Webster University’s student employees receive 85 cent pay raise but face anxiety working through pandemic


The pay increase comes as minimum wage went from $10.30 an hour to $11.15 an hour.

Webster University student employees receiving the minimum wage have seen their paychecks go last month. With the new year, the state of Missouri’s minimum wage grew from $10.30 an hour to $11.15. The minimum wage increase is the result of Proposition B’s passing in November 2018.

Maria Walls, a Webster University student, is currently working as a writing coach in the Academic Resource Center (ARC). She aids both undergraduate and graduate writers, students wishing to hone their craft and improve their grades. Some days, she must edit graduate theses, which are over 25 pages long, in less than an hour.

Walls is paid Missouri minimum wage for this position. With the increase, she has seen her hourly wage increase by 85 cents.

“Every dollar helps,” Walls said. “As a full-time student with a pet and their own apartment, I’m really glad to see our minimum wage increase.”

Despite the relief of an increased wage, Walls believes she should be making more than the minimum wage due to the “quality of work we’re supposed to put out and the extensive knowledge we’re supposed to have.”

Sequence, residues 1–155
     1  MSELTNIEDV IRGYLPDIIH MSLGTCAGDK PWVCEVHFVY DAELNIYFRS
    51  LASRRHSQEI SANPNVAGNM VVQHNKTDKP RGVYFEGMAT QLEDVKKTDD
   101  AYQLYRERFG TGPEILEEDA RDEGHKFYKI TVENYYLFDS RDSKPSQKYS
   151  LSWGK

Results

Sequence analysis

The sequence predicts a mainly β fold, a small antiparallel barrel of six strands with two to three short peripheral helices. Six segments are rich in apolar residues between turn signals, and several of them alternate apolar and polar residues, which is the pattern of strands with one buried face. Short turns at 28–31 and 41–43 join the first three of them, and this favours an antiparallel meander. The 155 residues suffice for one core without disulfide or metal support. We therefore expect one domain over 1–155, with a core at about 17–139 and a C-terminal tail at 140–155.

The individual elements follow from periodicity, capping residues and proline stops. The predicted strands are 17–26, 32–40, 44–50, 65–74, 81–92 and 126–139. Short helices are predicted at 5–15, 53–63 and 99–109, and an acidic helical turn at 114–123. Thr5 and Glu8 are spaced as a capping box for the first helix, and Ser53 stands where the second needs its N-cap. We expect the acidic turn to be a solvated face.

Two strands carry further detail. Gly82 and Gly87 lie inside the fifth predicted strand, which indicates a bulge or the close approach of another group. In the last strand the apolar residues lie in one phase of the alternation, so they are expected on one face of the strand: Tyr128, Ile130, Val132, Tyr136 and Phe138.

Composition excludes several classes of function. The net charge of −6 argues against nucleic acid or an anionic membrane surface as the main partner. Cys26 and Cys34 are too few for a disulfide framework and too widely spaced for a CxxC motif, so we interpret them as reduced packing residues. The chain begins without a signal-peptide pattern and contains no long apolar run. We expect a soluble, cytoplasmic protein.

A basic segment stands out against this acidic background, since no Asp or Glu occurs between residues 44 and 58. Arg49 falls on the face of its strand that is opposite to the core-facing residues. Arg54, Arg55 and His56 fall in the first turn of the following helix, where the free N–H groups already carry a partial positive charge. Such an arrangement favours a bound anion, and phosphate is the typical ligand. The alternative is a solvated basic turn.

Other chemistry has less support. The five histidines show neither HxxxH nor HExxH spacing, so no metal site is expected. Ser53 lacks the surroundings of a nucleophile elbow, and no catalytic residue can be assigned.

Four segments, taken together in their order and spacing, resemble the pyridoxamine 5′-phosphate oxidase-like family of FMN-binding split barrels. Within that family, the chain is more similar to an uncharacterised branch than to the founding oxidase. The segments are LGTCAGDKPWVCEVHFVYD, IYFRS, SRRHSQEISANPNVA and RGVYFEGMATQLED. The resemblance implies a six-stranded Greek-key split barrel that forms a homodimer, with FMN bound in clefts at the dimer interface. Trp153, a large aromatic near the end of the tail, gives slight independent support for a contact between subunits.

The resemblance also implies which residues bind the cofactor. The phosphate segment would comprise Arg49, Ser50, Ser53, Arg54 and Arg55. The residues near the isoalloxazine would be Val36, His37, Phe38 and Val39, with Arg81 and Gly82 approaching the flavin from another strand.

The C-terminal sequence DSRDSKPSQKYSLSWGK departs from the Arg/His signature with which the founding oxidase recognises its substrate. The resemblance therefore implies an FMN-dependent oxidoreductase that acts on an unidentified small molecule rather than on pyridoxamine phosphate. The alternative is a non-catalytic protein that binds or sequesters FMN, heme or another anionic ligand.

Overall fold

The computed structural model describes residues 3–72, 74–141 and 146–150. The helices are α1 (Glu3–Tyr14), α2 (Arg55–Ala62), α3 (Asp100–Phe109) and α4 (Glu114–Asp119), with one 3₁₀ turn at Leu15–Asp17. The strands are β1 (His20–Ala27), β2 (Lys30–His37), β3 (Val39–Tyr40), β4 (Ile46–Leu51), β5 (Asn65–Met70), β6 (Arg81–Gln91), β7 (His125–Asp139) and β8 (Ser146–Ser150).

Graphic by Kenzie Akins.

Seth Peters, a student employee at the University Center front desk, has been in the workforce since he was 15 years old. Peters has been employed by the university since December.

“Working during a pandemic in such a high traffic area puts me at great risk,” Peters, who has asthma, said. “Working in a pandemic is anxiety inducing, and neither the government nor the school has done enough to fight the pandemic for people like me who are on the ground level of this.”

Walls’ pandemic-work experience at Webster has differed from Peters.

“I think our working conditions during the pandemic have been better than most,” Walls said. “Last year, we worked virtually. This year, we take both masked in-person appointments in the Academic Resource Center, and virtual appointments through Zoom.”

Walls’ shared Peters’ pandemic anxieties, however, noting that high-traffic days in which she may have numerous appointments can be “nerve-wracking.”

“Overall, I really appreciate the support from my superiors at the ARC during this time,” Walls said. “We’ve been an especially important resource to students struggling with burnout amidst the pandemic. So, I’m happy to be here where students need me.”

Despite the positive outlook of her job, Walls informed The Journal the ARC has seen “mass exodus” of staff members leaving to take higher paying jobs or to work entirely remote for safety reasons.

“Our bosses want us to be paid more,” Walls said, “but it’s simply not up to them. The ARC is just not given enough money to increase our wages and salaries, which I think is a problem.”

The university did not comment on this story, stating it would violate the confidentiality of student records.


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Caleb Sprous
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